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Palestinian Authority’s Abbas warns Putin: West Bank poised for an ‘explosion’

PA president tells Russian leader in phone call that settlements, ‘settler terrorism’ causing growing anger, days after rare meeting inside Israel with Defense Minister Gantz

Russian President Vladimir Putin (right) shakes hands with Palestinian Authority President Mahmoud Abbas during their meeting at the Kremlin in Moscow, on February 12, 2018. (AFP Photo/Sputnik/Mikhail Klimentiev)
Russian President Vladimir Putin (right) shakes hands with Palestinian Authority President Mahmoud Abbas during their meeting at the Kremlin in Moscow, on February 12, 2018. (AFP Photo/Sputnik/Mikhail Klimentiev)

Israeli policies risk triggering an “explosion” in the West Bank, Palestinian Authority President Mahmoud Abbas said Thursday in a telephone conversation with Russian President Vladimir Putin.

The Palestinian leader told Putin that Israeli settlements, home demolitions and “settler terrorism” were among factors leading to anger in the West Bank, the official Palestinian news agency Wafa said.

“The continuation of these Israeli measures will lead to an explosion of the situation,” Abbas told Putin.

Russia is a member of the Middle East Quartet of international mediators, along with the United Nations, the United States and European Union.

Abbas spoke with Putin two days after meeting with Defense Minister Benny Gantz at his home. Abbas’s visit was the first time the Palestinian leader held official talks with a senior Israeli official inside Israel since 2010. Months earlier, Gantz had visited Abbas in Ramallah, the seat of the Palestinian Authority.

Following their meeting this week, the Defense Ministry announced “confidence-building measures” to ease the economic situation of the Palestinian Authority and reduce tensions in the West Bank.

The US praised the economic measures, but Abbas told Putin they were not enough, according to Wafa.

“Economic and security steps are not a substitute for the political track,” Abbas said, adding the Palestinian leadership will have to make “key decisions” at the central council of the Palestine Liberation Organization expected in the coming months.

Abbas’s conversation with Putin came amid rising tensions in the West Bank.

According to the Israeli army’s annual report, 100 attacks were carried out in 2021 against Israelis in the West Bank, up from 60 a year earlier. Palestinian gunmen killed a yeshiva student in the West Bank earlier this month and a Hamas terrorist killed a tour guide in Jerusalem last month.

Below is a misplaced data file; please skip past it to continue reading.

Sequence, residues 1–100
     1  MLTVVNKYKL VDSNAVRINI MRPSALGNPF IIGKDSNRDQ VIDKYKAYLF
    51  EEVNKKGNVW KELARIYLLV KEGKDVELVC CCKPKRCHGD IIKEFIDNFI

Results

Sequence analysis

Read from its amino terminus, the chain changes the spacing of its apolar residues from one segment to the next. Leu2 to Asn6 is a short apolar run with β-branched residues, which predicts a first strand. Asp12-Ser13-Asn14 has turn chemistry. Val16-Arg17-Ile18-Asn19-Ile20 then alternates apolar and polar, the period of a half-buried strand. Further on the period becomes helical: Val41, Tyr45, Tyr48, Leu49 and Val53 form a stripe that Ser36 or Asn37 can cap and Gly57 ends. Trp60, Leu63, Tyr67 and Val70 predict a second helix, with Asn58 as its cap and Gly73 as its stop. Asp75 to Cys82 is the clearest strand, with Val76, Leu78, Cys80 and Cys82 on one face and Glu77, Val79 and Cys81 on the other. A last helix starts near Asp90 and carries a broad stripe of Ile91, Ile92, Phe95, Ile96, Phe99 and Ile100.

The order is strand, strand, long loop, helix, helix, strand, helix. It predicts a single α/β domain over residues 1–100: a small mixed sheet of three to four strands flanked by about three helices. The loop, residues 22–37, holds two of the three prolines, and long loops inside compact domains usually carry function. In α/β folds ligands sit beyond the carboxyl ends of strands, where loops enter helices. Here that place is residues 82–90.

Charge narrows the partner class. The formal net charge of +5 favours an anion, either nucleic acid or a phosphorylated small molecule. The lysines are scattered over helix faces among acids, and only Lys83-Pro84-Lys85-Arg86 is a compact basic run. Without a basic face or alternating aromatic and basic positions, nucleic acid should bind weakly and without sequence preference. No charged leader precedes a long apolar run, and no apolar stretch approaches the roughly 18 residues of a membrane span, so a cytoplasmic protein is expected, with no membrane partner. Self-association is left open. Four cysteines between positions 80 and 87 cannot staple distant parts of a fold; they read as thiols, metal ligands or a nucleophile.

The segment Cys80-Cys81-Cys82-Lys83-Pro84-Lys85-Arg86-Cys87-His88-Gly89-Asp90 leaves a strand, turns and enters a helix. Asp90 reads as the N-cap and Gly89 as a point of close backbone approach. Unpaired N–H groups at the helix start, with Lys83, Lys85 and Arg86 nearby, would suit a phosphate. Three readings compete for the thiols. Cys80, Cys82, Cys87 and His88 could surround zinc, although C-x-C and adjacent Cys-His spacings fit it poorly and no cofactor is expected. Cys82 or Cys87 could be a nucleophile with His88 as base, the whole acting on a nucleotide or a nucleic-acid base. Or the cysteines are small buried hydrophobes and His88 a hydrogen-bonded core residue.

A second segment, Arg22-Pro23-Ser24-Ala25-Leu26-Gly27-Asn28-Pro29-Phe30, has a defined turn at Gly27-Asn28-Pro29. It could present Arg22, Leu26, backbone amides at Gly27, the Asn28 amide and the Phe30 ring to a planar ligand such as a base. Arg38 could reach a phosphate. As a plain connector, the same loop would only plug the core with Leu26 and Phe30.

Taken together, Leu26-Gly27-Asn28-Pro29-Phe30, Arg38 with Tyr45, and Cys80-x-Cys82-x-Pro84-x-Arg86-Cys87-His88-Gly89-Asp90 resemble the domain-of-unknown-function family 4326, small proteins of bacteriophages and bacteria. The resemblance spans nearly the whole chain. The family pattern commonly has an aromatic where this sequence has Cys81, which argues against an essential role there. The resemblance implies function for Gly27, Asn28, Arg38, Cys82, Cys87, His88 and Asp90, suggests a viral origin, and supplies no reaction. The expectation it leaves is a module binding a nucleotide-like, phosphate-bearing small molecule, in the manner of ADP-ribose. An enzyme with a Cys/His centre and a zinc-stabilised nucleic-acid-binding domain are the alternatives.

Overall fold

The UN Office for the Coordination of Humanitarian Affairs recorded 410 attacks by Israeli settlers against Palestinians in the first 10 months of 2021, compared to 358 in the whole of 2020.

Gantz’s office said he and Abbas discussed civilian and security measures Israel can take to strengthen the PA during the meeting this week, while the Palestinian readout said the sides stressed “the importance of creating a political horizon” to end the conflict.

Defense Minister Benny Gantz speaks at a ceremony on the first night the Jewish holiday of Hanukkah at the Western Wall in Jerusalem’s Old City, on November 28, 2021. (Flash90)

Reporting details from the conversation on Wednesday, Israeli channels 12 and 13 quoted Abbas as telling Gantz that he would not support a return to violence in the West Bank, “even if a gun were held to my head.”

However, Abbas told Gantz he was concerned about violence erupting in Jerusalem, particularly surrounding the Temple Mount. Abbas told Gantz that if there was a change to religious elements on the holy site it would lead to an “unstoppable” escalation, Channel 13 reported.

During the meeting Abbas also reportedly asked Gantz to allow greater freedom of action for Palestinian security forces in the West Bank, vowing to crack down on any violence toward Israel. He also asked for the IDF to lower its profile in the West Bank where it has been carrying out a series of raids aimed at uprooting Hamas terror cells.

Gantz’s office announced several “confidence-building measures” following the meeting.

These include approving the inclusion of 6,000 West Bank residents and 3,500 Gaza residents to the PA’s resident registration on a humanitarian basis; advancing the transfer of NIS 100 million ($32.2 million) in tax payments; and adding 600 BMC (businessman card) approvals for senior Palestinian businesspeople, as well as 500 permits for businesspeople with such approvals to enter Israel with their vehicles, and dozens of VIP permits for PA senior officials.

Gantz and Abbas also discussed additional construction plans for Palestinian homes, the defense minister’s office said.

The meeting was sharply criticized by hawkish opposition parties, as well as by right-wing members of the coalition, which spans the Israeli political spectrum and has often made policy moves opposed by some of its constituents.

Prime Minister Naftali Bennett is opposed to renewed peace negotiations with the Palestinians and has refused to meet with Abbas. Nevertheless, his government has pledged to strengthen the PA and its ailing economy, with Gantz spearheading the move. Gantz has said he sees Abbas’s regime as the only alternative to an empowered Hamas terror group in the West Bank.

Senior representatives of the US, EU, UN and other countries hailed the rare meeting between Gantz and Abbas.

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